19 Apr 2024

Calls to make stalking a crime after Farzana Yaqubi's murder

1:03 pm on 19 April 2024
Police at a walkway beside a Massey, West Auckland, badminton centre after what they are calling a sudden death.

Police at the scene where Farzana Yaqubi was murdered in Massey, west Auckland, on 19 December 2022. Photo: RNZ / Mohammad Alafeshat

Stalking should be made a crime in New Zealand, a clinical psychologist says, after police failures were highlighted in its handling of stalking complaints by Farzana Yaqubi.

The Independent Police Conduct Authority report found a litany of police failures into police handling of complaints from Yaqubi.

Almost eight weeks after 21-year-old Yaqubi first reported the matter to police, she was murdered by Kanwarpal Singh, 30.

The IPCA report found the police's initial assessment matrix was not fit for purpose as it did not consider all lines of enquiry.

The report also found that police "did not adequately take into account cultural and religious factors which influenced how Ms Yaqubi engaged with police, nor did they provide her with appropriate support".

Police apologised for its handling of Yaqubi's case.

Clinical psychologist Dr Alison Towns told Morning Report the current laws were not fit for purpose.

"Very clearly the police failed to do an adequate risk assessment, but also our stalking laws are really poor, and we do actually need a criminal stalking law," Towns said.

"The police tend to treat stalking like it's a civil concern and not a crime."

"We think it [a criminal stalking law] should recognise the harm that's done to people by providing clear guidelines about what consequences there would be if someone engages in stalking.

"It should lay out what stalking is, and that stalking involves a pattern of behaviours."

Towns said that stalking could involve unwanted contacted from someone, being watched or filmed or spied on by any means, being followed, being abused, having false information being published about you, being tracked by any means, or having someone break into your property.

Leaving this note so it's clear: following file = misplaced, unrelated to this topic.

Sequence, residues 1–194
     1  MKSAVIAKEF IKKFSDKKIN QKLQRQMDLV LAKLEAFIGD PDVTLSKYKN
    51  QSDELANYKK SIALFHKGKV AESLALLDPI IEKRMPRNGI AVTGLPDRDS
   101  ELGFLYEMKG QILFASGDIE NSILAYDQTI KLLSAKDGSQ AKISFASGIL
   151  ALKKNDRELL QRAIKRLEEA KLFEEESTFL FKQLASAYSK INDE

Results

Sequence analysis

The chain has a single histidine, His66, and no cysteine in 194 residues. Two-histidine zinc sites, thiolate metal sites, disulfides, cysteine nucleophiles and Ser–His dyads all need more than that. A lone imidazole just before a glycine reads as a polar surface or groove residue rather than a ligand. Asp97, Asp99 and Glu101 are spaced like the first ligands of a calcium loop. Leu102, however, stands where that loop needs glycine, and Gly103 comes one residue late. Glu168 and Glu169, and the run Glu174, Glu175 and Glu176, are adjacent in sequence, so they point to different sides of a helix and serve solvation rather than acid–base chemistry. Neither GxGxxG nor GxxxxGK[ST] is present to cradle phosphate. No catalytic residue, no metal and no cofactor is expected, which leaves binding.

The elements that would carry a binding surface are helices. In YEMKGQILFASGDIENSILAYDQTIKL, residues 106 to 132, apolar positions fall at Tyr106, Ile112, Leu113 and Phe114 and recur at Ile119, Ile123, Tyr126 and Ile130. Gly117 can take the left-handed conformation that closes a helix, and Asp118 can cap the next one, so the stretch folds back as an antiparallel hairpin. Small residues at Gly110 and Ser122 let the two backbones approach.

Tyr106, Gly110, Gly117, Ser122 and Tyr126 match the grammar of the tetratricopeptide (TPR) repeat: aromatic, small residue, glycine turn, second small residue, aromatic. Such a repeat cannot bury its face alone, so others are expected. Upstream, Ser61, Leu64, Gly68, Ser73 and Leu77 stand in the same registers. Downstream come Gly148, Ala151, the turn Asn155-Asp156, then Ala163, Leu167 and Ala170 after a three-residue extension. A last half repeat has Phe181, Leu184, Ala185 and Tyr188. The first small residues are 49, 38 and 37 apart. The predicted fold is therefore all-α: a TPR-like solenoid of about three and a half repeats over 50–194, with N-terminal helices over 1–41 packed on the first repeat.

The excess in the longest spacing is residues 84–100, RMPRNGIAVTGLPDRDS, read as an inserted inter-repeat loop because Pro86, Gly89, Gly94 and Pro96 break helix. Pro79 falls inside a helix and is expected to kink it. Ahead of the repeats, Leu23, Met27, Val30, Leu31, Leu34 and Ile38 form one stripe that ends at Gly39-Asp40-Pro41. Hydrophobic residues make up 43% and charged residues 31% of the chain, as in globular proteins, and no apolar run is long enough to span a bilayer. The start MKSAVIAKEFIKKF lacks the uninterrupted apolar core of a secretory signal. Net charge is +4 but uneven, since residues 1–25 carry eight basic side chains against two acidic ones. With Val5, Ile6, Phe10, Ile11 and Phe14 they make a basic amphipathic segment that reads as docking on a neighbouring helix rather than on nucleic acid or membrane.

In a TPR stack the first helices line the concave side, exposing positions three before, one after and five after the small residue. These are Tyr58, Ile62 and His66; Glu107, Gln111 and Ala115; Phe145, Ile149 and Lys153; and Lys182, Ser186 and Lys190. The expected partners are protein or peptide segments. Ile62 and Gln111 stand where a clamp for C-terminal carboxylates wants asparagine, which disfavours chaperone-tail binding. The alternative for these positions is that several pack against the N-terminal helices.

The Coalition for the Safety of Women and Children, which Towns is a part of, has proposed stalking laws that would lay out very clearly to police what stalking is, as well as consequences for offenders.

"With Farzana's case, there were clearly criminal acts that he was engaging in, such as threatening to kill. There's no reason why the police couldn't have acted on those," Towns said.

"However, the police treat harassment and stalking as though it is a civil concern, and not a crime."

New Zealand is one of the few countries that does not treat stalking as a crime.

"In Australia, United States, UK, European Union, there are stalking laws.

"So we are not protecting people. Surveillance and stalking are ways in which offenders control people's lives.

"We need that criminal stalking law for police to take stalking seriously."

In a statement, a spokesperson said police were limited in their enforcement powers.

"Police's role is to enforce current legislation put in place by the government."

They said there was a wide-ranging review under way into the initial assessments for complaints, including 105 online reports.

"This case has highlighted the need for police's focus to be on cases where there is high harm or risk of violence towards victims."

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